Step back in time, to 1918 to be exact. That's when Peruvian émigré Napolean Marquez opened Paul's Hat Works in San Francisco. Flash forward to 2011 and the shop looks just about the same as it did more than 90 years ago. It is outfitted with vintage hooks and shelves, custom hat making equipment, and an antique cash register that can only calculate sales up to $4.99. Today, the shop is run by four young friends: Wendy Hawkins, Kirsten Hove, Olivia Griffin, and Abbie Dwelle, who are breathing new life into a dying trade.
Griffin discovered the shop when she was eating breakfast at a diner next door. She wandered in and spent hours chatting with the owner, Michael Harris. He told her he wanted to sell the business-economic times were tough and people didn't buy custom hats like they used to. Griffin told her friends about the opportunity and they all thought it was a piece of history worth keeping alive. "Everybody's dreams come true here," says Hove. Hawkins adds, "Hats are tradition, they spark conversation. Hats allow people to re-create themselves."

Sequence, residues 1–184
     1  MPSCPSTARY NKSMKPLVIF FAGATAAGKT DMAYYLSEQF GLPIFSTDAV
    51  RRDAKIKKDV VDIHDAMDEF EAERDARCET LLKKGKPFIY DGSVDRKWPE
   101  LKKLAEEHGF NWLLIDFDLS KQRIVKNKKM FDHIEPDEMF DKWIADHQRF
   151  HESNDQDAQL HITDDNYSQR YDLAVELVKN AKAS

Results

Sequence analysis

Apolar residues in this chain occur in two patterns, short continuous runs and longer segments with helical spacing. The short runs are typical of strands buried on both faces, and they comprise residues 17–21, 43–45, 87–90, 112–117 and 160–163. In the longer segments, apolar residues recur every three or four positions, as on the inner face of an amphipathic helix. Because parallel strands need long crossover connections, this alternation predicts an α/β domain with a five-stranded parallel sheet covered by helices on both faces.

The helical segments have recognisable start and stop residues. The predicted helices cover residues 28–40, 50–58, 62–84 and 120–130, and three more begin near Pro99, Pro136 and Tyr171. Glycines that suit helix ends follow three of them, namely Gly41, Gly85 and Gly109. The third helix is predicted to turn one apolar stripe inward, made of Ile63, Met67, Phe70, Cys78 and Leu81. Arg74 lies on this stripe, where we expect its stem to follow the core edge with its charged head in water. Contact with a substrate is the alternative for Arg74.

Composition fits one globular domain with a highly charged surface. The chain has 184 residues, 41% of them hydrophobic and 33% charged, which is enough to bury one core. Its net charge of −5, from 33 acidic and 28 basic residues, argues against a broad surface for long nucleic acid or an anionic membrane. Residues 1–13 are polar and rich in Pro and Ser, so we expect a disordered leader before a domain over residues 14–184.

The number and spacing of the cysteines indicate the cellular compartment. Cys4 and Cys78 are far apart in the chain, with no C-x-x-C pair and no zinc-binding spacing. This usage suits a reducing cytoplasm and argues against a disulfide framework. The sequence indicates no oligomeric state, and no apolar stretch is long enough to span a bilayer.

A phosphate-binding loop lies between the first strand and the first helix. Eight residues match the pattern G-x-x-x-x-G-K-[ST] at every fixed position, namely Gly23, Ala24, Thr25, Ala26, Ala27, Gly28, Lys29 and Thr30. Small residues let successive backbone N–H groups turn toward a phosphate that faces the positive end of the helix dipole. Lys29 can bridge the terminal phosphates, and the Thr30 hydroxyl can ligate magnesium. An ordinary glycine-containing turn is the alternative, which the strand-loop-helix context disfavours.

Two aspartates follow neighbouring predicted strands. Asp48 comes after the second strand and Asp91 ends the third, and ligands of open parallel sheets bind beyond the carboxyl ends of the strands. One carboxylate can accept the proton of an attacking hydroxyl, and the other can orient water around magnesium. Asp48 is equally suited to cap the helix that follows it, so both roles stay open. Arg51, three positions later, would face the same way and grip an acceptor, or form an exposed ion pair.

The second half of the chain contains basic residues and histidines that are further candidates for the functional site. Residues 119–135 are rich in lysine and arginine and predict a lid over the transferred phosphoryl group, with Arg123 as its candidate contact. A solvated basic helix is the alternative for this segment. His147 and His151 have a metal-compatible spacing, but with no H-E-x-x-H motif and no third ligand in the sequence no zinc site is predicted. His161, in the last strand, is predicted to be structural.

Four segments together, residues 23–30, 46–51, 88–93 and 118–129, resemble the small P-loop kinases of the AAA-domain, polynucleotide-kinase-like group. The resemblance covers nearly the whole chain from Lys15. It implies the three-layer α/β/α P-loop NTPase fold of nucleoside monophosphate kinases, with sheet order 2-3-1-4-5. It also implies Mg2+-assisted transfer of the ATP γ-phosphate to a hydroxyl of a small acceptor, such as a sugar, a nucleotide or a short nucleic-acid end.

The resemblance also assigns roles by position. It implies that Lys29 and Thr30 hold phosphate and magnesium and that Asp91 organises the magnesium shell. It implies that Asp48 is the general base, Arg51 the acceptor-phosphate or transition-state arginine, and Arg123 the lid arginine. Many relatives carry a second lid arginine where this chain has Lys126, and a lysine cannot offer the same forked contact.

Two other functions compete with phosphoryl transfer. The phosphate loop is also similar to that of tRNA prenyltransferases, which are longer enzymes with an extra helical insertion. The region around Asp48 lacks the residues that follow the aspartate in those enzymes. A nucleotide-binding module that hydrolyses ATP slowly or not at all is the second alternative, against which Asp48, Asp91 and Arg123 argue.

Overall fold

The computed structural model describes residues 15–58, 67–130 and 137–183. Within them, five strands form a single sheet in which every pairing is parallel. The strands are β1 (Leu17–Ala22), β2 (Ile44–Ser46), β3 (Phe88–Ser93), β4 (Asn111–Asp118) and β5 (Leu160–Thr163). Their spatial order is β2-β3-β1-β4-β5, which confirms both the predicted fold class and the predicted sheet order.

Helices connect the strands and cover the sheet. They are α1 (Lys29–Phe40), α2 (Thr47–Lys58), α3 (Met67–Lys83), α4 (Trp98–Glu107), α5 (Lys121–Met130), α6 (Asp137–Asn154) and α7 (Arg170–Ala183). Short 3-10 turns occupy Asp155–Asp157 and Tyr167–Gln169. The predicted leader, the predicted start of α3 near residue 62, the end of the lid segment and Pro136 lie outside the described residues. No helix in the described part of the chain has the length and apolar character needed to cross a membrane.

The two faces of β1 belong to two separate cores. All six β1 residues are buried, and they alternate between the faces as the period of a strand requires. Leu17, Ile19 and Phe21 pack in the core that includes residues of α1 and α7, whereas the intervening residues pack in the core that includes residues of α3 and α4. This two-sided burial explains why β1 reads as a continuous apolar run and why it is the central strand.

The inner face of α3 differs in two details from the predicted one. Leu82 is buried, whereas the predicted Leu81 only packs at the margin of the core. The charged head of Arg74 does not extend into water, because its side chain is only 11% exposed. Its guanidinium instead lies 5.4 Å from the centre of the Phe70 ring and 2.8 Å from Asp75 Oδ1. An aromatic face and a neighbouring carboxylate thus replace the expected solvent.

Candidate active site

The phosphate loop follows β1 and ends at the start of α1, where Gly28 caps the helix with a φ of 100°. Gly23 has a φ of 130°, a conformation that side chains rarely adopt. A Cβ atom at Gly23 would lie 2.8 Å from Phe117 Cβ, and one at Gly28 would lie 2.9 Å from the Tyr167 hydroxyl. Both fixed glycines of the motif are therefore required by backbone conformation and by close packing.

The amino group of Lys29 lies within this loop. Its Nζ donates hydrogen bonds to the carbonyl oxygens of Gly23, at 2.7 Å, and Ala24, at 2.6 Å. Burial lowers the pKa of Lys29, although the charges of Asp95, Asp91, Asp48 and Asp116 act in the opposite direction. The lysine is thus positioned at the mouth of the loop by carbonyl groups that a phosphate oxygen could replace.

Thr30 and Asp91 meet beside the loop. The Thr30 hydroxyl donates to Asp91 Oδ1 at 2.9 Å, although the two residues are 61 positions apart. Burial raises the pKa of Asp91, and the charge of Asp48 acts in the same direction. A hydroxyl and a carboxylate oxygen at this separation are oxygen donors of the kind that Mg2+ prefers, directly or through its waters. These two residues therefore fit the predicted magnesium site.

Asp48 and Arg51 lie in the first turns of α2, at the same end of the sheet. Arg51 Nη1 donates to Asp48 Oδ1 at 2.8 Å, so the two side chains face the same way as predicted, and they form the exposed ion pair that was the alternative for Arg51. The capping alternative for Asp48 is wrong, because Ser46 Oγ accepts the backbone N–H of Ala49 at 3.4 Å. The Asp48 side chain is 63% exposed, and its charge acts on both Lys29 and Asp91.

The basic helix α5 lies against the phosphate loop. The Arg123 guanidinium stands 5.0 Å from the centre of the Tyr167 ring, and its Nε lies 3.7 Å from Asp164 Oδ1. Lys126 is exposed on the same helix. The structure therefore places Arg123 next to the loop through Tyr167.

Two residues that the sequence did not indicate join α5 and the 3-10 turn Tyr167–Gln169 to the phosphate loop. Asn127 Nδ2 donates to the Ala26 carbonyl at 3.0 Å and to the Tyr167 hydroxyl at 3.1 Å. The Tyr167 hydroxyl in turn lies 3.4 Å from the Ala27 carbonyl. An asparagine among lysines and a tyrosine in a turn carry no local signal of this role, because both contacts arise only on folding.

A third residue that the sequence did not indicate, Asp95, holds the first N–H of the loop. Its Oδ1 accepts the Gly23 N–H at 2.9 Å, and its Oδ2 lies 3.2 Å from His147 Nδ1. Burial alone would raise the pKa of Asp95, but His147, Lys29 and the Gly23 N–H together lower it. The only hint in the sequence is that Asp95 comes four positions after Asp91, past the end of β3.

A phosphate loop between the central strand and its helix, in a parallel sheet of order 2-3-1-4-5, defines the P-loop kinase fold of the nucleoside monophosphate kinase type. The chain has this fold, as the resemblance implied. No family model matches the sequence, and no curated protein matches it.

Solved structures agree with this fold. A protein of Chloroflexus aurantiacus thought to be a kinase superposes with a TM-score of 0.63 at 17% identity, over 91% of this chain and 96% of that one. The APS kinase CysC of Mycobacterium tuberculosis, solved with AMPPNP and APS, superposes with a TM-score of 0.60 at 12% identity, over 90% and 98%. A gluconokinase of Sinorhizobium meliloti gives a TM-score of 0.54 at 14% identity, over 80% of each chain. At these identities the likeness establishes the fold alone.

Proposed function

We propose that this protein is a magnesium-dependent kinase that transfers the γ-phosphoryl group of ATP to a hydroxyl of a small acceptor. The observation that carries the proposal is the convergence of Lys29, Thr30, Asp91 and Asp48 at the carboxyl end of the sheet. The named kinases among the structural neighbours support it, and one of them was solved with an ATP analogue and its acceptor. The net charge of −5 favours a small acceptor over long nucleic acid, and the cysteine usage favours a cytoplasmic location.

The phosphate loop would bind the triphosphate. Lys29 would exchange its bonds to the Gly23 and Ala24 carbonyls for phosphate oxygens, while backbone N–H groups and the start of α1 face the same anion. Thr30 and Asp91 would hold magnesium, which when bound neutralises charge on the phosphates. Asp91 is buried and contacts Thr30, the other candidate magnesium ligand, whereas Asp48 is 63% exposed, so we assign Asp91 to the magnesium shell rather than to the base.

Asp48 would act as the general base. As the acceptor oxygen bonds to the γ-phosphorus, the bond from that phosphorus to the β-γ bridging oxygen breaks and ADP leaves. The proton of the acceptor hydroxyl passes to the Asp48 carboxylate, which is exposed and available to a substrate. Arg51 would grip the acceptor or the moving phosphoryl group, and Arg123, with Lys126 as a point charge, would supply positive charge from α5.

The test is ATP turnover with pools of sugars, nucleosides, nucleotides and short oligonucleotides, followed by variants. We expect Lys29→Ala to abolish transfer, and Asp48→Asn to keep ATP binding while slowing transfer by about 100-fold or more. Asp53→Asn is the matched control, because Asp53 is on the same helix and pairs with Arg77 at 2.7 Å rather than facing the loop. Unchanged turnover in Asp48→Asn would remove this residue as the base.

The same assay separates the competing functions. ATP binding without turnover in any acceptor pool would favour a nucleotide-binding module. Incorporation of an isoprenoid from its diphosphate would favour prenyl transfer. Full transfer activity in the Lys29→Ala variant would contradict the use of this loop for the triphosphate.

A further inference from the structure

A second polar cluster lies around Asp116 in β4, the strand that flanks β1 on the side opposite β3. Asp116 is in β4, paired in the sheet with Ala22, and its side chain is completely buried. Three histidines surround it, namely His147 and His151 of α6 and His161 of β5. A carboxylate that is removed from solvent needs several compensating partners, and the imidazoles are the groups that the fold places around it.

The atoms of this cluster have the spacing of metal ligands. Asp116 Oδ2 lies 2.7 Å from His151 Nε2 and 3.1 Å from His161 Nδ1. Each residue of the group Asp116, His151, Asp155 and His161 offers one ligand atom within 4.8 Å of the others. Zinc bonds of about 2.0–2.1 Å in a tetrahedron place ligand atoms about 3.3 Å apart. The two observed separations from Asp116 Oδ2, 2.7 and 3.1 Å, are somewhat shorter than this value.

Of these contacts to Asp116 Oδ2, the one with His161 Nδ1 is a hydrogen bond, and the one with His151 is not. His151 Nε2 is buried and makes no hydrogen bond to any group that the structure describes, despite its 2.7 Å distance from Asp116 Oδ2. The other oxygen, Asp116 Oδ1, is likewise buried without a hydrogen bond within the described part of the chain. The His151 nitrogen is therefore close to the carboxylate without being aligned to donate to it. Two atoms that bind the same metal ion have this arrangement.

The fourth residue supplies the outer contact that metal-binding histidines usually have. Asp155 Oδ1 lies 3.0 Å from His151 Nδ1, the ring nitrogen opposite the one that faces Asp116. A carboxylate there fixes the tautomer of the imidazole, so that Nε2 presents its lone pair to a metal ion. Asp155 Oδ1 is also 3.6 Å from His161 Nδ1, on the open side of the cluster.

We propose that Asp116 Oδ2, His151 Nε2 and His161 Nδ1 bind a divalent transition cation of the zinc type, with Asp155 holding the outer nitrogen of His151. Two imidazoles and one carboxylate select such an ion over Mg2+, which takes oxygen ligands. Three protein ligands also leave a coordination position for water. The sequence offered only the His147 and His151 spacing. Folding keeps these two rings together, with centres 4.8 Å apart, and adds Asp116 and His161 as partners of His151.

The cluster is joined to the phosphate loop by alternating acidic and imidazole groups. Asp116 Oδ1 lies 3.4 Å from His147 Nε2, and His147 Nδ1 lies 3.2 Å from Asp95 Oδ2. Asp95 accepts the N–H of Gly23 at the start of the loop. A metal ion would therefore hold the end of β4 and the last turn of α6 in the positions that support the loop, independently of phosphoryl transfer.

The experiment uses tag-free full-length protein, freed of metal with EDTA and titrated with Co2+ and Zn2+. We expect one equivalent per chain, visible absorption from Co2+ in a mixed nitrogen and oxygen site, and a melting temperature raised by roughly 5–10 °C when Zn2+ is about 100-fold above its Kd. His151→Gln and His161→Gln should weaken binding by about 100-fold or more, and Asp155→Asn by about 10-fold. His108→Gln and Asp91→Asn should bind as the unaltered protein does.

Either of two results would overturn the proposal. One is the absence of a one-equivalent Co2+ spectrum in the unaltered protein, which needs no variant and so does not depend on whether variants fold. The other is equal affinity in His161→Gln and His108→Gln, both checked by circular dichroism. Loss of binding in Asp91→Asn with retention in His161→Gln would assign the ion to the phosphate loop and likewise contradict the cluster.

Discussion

Harris gave the new owners a six-month crash course in hat making. "There are a lot of trade secrets in the art of hat making and every hatter has their own way of doing things," explains Griffin. They learned to build and refurbish all manner of hats from fedoras to homburgs. "They are made to be tossed around and worn in the rain and sat on and shoved behind your car seat," says Griffin.
Sometimes a customer will come in with an old hat their grandfather bought at the store decades before. Paul's Hat Works can clean, repair, and re-size it for the new owner. "It's cool to have that connection," says Dwelle. "[They] are the next generation hat wearer, and I'm the next generation hat maker."
Hove believes that, like the lovingly crafted hats themselves, the business is going to last for decades to come. Paul's Hat Works has become more than a store. It is a place where neighbors stop by grab to a cup of coffee from a pot that's always on the front counter, put a record on the vintage turntable, or make a suggestion for the next window display. Hove says, "When people come into the shop it's like they have stepped back into a time when conversations and spending time with your neighbors was really important…that's success for us."
Footage courtesy of Lyniel DaoRelated links:
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